Complications: Diarrhoea in babies is a sign of a nutritional disorder, infant dyspepsyia, which should be carefully monitored by a doctor as it can quickly develop into a life-threatening condition. This can, for example, occur during the changeover from breast milk to baby food or follow-on formulas.

How can diarrhoea be diagnosed?

Every diagnosis begins with a thorough interview with a doctor (anamnesis) about the patient’s medical history.  The doctor will talk to you about several points.

  • Frequency of bowel movements and form of the stools
  • Eating and drinking habits
  • Accompanying symptoms such as pain and flatulence, vomiting and a high temperature
  • Questions about other illnesses
  • Questions about medication which you are taking and possible effects it could have on bowel movements (laxatives, antibiotics, etc.)
  • Questions about the family history (presence of illnesses in the family)
  • The presence of organic bowel diseases (e.g. chronic inflammatory bowel disease (IBD)) which are accompanied by severe diarrhoea
  • Examination of the function of the thyroid gland

After this interview a physical examination takes place during which the doctor examines the rectum and palpates and listens to the abdomen. A stool sample can provide information about digestive problems and malfunctions of the bowels. In addition, the stools are examined for blood which is not visible (fecal occult blood). In the laboratory, a blood count is carried out, and thyroid gland hormones and electrolytes such as sodium, potassium and calcium are analysed.

If the symptoms are acute and accompanied by loss of weight, fever, tiredness, joint pains and/or blood in the stools, they can be caused by serious diseases which are behind the symptom of diarrhoea, and a more detailed medical investigation of the underlying condition needs to take place. Alongside a clinical examination (high temperature? abdominal pains? colics?), medical history (diet? laxatives?) and analysis of the stool composition, in the case of chronic diarrhoea imaging procedures including colonoscopy will also be proposed by the doctor to facilitate a diagnosis.

Other possible diagnostic measures:

  • Ultrasound examination of the entire abdomen (sonography)
  • Radiological examination of the bowels, now usually carried as a computer tomography (CT)

How can diarrhoea be treated?

Diarrhoea is unpleasant and one would like to get rid of it as soon as possible. There are a variety of causes: acute diarrhoea is often caused by tainted food (food poisoning) or viral (bacterial) infections. Diarrhoea can also occur as a side effect when taking certain medicines and during treatment with antibiotics. If the diarrhoea continues for a longer period, a doctor should be consulted. In that case, chronic bowel inflammation, metabolic disorders or food intolerance can be the cause.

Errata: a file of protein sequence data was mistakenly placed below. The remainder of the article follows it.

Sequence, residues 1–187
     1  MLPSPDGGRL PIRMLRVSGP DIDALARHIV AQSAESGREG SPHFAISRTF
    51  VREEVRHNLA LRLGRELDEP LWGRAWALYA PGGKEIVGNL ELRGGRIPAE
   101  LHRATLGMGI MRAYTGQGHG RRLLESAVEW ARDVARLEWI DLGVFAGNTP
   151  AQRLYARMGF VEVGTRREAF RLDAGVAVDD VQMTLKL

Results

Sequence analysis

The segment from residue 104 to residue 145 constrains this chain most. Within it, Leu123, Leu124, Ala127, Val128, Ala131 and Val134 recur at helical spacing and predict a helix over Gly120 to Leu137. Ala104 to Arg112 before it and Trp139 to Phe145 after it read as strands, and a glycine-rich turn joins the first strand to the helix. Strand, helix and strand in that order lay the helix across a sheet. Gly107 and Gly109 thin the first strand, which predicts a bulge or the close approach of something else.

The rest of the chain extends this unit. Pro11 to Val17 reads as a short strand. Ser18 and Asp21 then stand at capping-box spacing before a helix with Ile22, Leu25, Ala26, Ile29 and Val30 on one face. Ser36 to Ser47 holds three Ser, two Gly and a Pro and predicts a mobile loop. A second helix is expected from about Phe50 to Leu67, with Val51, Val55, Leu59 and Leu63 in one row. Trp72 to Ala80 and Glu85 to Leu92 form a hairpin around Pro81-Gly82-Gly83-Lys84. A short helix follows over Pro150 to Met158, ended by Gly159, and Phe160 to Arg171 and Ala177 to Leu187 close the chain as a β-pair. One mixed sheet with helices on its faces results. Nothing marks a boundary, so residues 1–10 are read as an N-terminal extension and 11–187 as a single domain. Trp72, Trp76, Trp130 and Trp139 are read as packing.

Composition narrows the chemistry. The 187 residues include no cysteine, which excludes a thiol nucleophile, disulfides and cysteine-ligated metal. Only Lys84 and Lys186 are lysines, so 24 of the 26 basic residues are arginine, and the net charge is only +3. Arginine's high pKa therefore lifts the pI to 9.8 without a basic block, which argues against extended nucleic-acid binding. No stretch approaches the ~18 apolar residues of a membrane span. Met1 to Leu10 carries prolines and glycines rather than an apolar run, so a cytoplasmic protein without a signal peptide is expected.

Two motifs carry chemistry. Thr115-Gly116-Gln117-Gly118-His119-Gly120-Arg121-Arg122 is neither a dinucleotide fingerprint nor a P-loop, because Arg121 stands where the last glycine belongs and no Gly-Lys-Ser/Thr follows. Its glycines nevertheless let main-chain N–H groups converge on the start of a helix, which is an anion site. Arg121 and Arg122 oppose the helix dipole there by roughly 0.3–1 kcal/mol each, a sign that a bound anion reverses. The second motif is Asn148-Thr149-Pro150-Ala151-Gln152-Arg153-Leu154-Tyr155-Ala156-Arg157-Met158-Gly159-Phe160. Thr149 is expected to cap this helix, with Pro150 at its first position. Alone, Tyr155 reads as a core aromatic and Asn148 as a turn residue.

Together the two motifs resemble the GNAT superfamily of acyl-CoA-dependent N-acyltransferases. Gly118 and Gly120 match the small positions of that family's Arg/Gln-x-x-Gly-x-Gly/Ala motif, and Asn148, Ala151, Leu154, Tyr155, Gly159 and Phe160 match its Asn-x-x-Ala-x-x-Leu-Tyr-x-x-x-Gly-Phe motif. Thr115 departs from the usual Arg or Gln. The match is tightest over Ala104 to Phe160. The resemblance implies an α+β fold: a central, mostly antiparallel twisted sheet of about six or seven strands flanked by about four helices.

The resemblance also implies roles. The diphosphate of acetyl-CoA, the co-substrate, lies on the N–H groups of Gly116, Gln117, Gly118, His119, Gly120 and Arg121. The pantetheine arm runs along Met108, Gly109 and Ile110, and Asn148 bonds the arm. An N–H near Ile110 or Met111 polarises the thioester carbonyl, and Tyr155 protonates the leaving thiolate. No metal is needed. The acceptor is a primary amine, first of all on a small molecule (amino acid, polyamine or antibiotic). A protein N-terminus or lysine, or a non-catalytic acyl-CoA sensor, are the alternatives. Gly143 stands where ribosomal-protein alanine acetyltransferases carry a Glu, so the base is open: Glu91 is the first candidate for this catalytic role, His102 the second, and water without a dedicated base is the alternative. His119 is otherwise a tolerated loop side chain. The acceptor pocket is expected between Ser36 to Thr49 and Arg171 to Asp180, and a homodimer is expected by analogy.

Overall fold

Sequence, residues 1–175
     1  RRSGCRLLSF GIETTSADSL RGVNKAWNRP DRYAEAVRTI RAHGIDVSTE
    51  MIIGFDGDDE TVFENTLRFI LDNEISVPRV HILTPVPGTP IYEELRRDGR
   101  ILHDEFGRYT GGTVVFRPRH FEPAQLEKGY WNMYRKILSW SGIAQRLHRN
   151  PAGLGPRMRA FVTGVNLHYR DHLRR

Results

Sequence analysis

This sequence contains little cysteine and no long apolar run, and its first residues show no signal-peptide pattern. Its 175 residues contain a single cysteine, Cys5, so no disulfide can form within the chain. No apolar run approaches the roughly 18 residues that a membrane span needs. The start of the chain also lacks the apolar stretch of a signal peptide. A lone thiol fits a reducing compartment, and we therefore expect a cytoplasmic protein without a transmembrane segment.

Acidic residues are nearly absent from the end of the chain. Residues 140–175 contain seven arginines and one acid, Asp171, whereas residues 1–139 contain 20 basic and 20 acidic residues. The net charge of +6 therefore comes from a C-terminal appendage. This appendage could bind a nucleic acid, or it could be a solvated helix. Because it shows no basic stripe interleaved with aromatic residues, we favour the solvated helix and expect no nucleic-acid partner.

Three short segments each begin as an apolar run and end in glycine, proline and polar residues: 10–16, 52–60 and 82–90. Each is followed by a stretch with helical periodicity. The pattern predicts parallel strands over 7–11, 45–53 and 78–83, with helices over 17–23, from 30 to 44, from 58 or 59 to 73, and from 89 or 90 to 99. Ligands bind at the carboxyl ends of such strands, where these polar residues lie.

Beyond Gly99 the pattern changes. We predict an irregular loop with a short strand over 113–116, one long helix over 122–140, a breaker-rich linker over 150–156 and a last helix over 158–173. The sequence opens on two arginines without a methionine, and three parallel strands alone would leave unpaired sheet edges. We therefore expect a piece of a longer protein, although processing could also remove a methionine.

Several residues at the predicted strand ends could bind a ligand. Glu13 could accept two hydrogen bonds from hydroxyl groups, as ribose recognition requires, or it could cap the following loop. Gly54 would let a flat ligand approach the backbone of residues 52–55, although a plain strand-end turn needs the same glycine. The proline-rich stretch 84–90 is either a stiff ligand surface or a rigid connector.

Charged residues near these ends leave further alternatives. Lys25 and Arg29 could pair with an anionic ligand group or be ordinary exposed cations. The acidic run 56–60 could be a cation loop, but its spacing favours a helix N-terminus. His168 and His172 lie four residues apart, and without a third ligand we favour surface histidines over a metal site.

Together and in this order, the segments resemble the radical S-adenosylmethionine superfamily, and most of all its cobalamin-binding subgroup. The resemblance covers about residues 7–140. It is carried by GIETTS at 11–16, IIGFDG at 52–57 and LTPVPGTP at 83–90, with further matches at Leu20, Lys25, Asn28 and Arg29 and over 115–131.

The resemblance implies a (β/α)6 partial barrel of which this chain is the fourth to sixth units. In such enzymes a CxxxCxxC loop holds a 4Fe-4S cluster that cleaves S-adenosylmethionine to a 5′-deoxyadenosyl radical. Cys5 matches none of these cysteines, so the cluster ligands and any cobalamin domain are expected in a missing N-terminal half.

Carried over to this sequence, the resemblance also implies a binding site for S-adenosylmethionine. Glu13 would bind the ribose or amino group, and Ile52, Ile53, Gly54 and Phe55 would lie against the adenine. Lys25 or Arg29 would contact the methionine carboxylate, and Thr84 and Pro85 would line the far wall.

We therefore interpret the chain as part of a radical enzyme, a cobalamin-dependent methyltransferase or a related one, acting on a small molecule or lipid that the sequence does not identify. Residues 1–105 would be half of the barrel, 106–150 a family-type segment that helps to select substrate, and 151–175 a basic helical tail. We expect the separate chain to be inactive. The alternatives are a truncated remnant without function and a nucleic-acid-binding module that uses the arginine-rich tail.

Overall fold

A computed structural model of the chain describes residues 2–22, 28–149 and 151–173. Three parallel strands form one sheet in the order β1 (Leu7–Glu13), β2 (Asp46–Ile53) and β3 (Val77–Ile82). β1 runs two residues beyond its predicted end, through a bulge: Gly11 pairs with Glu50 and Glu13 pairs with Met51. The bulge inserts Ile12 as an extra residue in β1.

Basic measures:

  • Diarrhoea is a natural reaction, self-help on the part of the body to rid itself of toxins. It is therefore important that this cleansing process is not suppressed and that the movement of the bowels is not immediately stopped by chemical medication.
  • The most important aspect is to counteract dehydration. To this end, large amounts of liquids with added minerals (potassium, sodium and others) and sugar (glucose) should be consumed. Sugar helps the absorption of liquids, while tea (non-herbal) contains tannins which counteract diarrhoea (if it has brewed long enough; at least five minutes) and calm the intestinal mucosa.
  • A break from food: You should begin eating again slowly. Initially no solid foods should be consumed, and milk should also be avoided. From the second day onwards, soups or thin porridge, for example, are recommended. When the bowels have calmed down again you can slowly return to a normal diet.
  • Among medicinal plants, the following are particularly recommended: bloodwort, blueberries or camomile: Humic acid supplements have a detoxifying effect and support – alongside probiotic multi-species products – the regeneration of the intestinal lining.

 

Probiotics:

We require a large number of probiotic bacteria in our bowels, as only they can continue the process of breaking down food in our bodies and making it available. If our gut flora has been reduced by special medication, fermentation and putrefaction processes begin which can influence bowel function or also lead to increased elimination of liquids and to increased permeability of the damaged intestinal lining due to toxins. Probiotics with highly active bacteria strains can lead to a normalisation of the frequency of bowel movements, the regeneration of the damaged intestinal mucosa and to an improvement of the consistency of stools. Stress, which additionally promotes the peristalsis of the bowels and has a damaging effect on the balance of the bowels, should be avoided.  Diarrhoea is frequently a symptom of irritable bowel syndrome, which is triggered by stress, among other things.

  • Absorbents such as activated charcoal, kaolin, silica dioxide and humic acids have a physical effect: they bind soluble substances such as toxins and thus combat the cause of the diarrhoea, and their minerals (potassium, sodium and others) replace the salts lost through diarrhoea.
  • Antibiotics should only be used when the bacterial pathogen causing the diarrhoea is known and a specific effective antibiotic is used. Alongside antibiotics, the gut flora should be built up again with special synbiotics (OMNi-BiOTiC® 10 AAD)
  • In the case of abdominal cramps, butylscopolamine can be of assistance. However, this substance should not be taken without a prescription and not for longer than a few days.
Last updated: Thursday, 27. July 2017

End of this page section.
Skip to overview of page sections.